Over time, we learn that the bigger the emotional charge that comes up, the bigger the release is going to be, and that it’s going to kick us to a whole new level—where exactly, we really don’t know. In other words, when transformation happens, and we move from one level to the next, from a more simple form to a more complex form (you can read about this in chaos theory and developmental psychology), we can’t predict what that’s going to look like. We may have a general idea, but we can’t know the specifics. When the change comes, it’s always amazing, and it’s always a blessing, but it’s also unique and surprising at the same time.
Right now, I’m in the middle of an Integral Recovery intensive, working and practicing with young men who are dealing with various issues. We show up every morning and do an hour of brainwave entrainment meditation together. Before hand, we do yoga, which is a really great idea, according to what I’ve learned and studied. Yoga was designed to prepare us for sitting in the stillness, where we begin to explore our own interiors and eventually, in the yogic tradition, find God and realize our own true nature—that Brahman is Atman and Atman is Brahman. In other words, our deepest human aspect, Atman, is no other than the causal intelligence that everything arises from, moment to moment.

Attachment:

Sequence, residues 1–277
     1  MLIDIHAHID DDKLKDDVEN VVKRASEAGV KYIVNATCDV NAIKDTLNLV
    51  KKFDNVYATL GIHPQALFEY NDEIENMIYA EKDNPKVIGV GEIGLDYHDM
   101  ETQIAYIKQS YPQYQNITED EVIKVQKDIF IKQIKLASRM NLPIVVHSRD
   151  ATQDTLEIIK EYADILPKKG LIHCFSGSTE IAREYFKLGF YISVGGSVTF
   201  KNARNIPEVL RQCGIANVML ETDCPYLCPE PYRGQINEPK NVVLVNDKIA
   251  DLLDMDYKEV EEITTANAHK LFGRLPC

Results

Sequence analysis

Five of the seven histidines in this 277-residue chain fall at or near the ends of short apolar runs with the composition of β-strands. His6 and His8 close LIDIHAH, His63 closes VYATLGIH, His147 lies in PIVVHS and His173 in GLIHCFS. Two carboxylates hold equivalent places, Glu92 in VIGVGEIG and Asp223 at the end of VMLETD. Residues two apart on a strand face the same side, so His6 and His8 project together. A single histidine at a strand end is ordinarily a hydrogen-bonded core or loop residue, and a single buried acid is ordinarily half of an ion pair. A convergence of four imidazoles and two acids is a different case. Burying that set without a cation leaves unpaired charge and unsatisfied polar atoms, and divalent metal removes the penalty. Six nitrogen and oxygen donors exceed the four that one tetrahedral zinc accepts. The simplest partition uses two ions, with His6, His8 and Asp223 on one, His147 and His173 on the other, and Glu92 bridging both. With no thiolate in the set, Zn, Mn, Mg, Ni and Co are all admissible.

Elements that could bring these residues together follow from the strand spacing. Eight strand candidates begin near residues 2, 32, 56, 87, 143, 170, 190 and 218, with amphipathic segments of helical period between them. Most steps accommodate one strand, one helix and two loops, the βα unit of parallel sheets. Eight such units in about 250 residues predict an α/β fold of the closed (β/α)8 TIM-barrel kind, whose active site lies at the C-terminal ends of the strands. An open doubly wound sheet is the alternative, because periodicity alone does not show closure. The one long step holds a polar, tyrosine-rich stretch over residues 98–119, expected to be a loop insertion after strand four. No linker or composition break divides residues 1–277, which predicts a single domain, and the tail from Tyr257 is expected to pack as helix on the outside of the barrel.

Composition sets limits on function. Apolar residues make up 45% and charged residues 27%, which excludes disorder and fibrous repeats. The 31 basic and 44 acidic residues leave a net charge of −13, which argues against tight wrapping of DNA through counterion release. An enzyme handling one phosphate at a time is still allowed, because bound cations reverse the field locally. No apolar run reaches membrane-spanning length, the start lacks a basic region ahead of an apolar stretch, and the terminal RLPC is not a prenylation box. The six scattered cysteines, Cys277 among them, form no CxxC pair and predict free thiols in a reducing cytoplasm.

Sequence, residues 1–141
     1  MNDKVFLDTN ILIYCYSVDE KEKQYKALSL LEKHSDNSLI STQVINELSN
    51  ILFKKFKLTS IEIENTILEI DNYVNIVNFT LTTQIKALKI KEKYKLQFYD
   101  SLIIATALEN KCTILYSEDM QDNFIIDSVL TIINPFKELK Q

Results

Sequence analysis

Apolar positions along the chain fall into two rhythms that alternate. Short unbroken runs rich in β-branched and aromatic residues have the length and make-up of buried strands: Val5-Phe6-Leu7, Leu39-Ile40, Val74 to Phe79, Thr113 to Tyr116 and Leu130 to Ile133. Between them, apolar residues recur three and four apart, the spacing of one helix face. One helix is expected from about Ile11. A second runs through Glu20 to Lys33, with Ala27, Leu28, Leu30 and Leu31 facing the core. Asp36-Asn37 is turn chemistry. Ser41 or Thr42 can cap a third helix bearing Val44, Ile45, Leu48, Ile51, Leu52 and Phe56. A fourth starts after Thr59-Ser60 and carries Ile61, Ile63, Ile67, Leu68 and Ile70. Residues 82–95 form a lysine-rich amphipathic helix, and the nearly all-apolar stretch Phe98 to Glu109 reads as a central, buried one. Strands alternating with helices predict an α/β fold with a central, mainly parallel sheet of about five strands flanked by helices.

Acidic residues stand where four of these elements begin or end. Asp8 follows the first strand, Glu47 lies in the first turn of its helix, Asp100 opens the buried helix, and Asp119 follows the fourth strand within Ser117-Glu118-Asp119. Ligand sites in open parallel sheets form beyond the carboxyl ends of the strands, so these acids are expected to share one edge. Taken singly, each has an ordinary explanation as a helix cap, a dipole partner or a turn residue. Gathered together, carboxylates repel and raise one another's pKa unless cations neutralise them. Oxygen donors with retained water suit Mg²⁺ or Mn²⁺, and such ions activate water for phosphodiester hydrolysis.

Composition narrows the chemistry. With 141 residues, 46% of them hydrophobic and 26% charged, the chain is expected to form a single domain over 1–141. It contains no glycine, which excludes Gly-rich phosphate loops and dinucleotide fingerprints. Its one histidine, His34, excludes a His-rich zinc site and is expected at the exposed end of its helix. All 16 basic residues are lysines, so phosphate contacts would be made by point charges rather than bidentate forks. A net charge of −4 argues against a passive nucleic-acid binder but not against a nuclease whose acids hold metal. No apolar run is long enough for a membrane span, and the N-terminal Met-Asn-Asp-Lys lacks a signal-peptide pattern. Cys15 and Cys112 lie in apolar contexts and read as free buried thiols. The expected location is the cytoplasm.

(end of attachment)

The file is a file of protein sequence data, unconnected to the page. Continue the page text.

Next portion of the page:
Sometimes it’s nice to have intensives where we can practice with others, because it can be hard to get ourselves doing our practices in a disciplined way on our own. Right now, we’re in a groove: We do about two hours of meditation a day (an hour in the morning and 40 minutes to an hour in the evening). We work out together. We share. We do a lot of work, and it creates an energetic field. Maybe we should have more intensives like this for people who are not necessarily dealing with addiction or depression, but who just want to deepen their practice and their commitment to practice.
I would encourage any of you who want to do this kind of thing on your own to organize a meditation group. Pam and I have been hosting a meditation group for about 14 years now. We meet together on Sundays. The energetic field created by meditating in a group is really very powerful. One of the things we do after our Sunday morning meditation is check in with each other. During intensives, we also have a journaling session after the meditation, because people have a lot to write about since a lot of stuff comes up. Then we share and give each other feedback.
In any case, the Profound Meditation Program is an incredibly powerful tool and there are many ways you can use it. You could have salons, or meditation groups, or groups for people who are focused and working on any particular thing. If you were going to start a new company or had a new idea, you could get together your principals, put on your headphones, and sit there for an hour—then begin to jot down ideas. You’d be amazed at the brilliant and really unique and creative ideas that come up.
Adapted from iAwake Technologies’ free, weekly teleconference call on April 10, 2013.
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John Dupuy is the CEO of iAwake Technologies and the founder of Integral Recovery, a holistic addiction treatment approach inspired by Ken Wilber’s Integral Model. As a pioneer in the use of brainwave entrainment in therapy and personal development, John has dedicated his life to helping others deepen their spiritual practice and transform their lives.